“We swung over the hills and over the town and back again, and I saw how a man can be master of a craft, and how a craft can be master of an element. I saw the alchemy of perspective reduce my world, and all my other life, to grains in a cup. I learned to watch, to put my trust in other hands than mine. And I learned to wander. I learned what every dreaming child needs to know – that no horizon is so far that you cannot get above it or beyond it.”
Beryl Markham, from “West with the Night”
“Well I can bend, but I won’t break;
‘Cause you ain’t got what I can’t take…”
Bryan Adams/Bonnie Raitt, from “Rock Steady”
Everyone still wants to talk about Navalny; the western press is full of blather and botheration about noble Navalny struggling against the monolithic and remorseless state; you would think nothing else was going on in the world. He’s not really very important, because – try as his western backers might to make a Robin Hood of him – most voting-age Russians regard him with disgust and boredom, and he likely could not get elected lifeguard in a car wash even if he could run for office, which he can’t because he is a convicted criminal. A convicted criminal who is likely to get a couple more convictions added on in the weeks to come, if you take my meaning. The Great Patriotic War, or what most of us know as the Second World War remains a seminal event in the minds of Russians who were alive when what is now the Russian Federation was the Soviet Union. As well it might – Soviet losses against Nazi Germany were more than 20 million people, far more than any other nation. Surviving veterans of that war are iconic even in a country which affords respect to military service in general, and considers it critical in such an unfriendly world. Navalny’s record of contempt for a Great Patriotic War veteran may have been his western-backed attempt to jolt Russians out of their reverence for the nation’s hard-won existence, and deprive them of a vital touchstone which welds the public into common sorrow and resolve on Victory Day. If so, it was a decisive failure, and Navalny’s rudeness and posturing have earned him widespread loathing in his own country; he is about as likely to get elected to any public office which requires the candidate to be voted in as he is to discover the secret of spinning straw into gold, like Rumpelstiltskin.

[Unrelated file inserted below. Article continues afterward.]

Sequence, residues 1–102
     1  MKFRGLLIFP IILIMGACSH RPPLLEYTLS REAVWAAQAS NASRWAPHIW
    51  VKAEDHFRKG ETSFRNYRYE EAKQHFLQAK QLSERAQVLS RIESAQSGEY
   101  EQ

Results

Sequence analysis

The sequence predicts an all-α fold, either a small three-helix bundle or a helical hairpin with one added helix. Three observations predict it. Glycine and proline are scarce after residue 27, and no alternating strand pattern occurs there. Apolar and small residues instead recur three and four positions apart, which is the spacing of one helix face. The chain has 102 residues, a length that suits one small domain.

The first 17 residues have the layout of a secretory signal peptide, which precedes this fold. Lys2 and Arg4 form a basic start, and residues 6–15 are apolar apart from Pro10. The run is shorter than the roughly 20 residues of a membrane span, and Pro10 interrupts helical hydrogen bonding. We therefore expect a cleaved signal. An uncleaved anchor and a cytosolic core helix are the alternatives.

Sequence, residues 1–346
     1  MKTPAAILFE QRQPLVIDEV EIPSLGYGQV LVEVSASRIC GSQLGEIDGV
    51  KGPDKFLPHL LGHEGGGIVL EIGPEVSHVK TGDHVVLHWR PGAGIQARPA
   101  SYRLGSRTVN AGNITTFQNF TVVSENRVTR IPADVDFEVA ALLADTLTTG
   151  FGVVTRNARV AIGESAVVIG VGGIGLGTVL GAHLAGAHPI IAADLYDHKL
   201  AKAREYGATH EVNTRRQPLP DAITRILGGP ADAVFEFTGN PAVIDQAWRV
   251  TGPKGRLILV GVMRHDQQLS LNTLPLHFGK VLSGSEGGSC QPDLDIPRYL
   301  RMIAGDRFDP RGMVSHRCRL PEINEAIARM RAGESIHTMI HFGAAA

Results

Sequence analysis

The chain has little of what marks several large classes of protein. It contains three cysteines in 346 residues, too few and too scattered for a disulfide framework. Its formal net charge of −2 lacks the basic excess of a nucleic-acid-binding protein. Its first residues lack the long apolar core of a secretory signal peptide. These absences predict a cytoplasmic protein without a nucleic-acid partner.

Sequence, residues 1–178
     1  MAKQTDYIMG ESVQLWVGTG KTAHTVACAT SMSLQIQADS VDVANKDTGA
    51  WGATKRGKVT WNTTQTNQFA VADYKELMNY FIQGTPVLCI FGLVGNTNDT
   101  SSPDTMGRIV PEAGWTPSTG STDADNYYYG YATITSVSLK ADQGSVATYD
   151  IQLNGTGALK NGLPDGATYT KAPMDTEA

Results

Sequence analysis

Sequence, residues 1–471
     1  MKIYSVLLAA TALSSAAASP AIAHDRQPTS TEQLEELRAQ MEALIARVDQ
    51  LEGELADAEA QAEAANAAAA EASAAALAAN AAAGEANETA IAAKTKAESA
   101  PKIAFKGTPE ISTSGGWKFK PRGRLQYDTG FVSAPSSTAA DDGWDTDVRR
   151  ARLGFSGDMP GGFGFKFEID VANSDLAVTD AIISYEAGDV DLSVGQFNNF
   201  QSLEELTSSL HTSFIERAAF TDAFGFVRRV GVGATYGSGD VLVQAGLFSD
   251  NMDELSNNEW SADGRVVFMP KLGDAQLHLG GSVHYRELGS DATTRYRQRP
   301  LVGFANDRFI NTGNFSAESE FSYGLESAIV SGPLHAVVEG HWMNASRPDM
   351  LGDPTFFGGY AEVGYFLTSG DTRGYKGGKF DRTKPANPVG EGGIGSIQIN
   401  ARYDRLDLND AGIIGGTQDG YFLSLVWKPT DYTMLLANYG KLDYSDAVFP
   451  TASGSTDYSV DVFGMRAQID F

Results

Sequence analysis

Yes, he is a jerk, my, my. But the thing about Navalny I wanted to mention – he and his portly roving operations manager, Leonid “Two-Tummies” Volkov – is their immediate reaction to Navalny’s arrest, which was foretold with about the same reliability as the sun rising in the east. Their “beam me up, Uncle Sam” cry for help was “more sanctions!!” Yes, let Navalny go, immediately and unconditionally, or the US-led west will impose further sanctions.
We’ve asked this question before – how’s that working out, do you think? Are western sanctions any closer to bringing Russia to its knees? Have they had any success – any success at all – at changing Russian behavior, in any way, to behavior the west regards with approval and a sense of accomplishment? Feel free to disagree with me, but I would have to say no. Is there anything to justify, do you think, the west’s faith in the potential of further sanctions to arrest or modify behaviors the west does not like? Again, I would have to say no. Why, then, does the west keep doing the same thing, and threatening more? I am at a loss to explain. If you were driving half-inch stakes into the ground for fence palings with a hammer, and every time you swung it you hit yourself in the balls with it, how many times would you try it before you gave it up? Until you were a eunuch?
Anyway, that’s enough of Navalny and his anarchic followers – suffice it to say that when Nadia Tolokonnikova of Pussy Riot writes a fan song about your brave stand against the state, you have strayed far enough from statesmanship that you probably could not find your way back with a GPS. No, it was more the sanctions element I wanted to talk about than Navalny.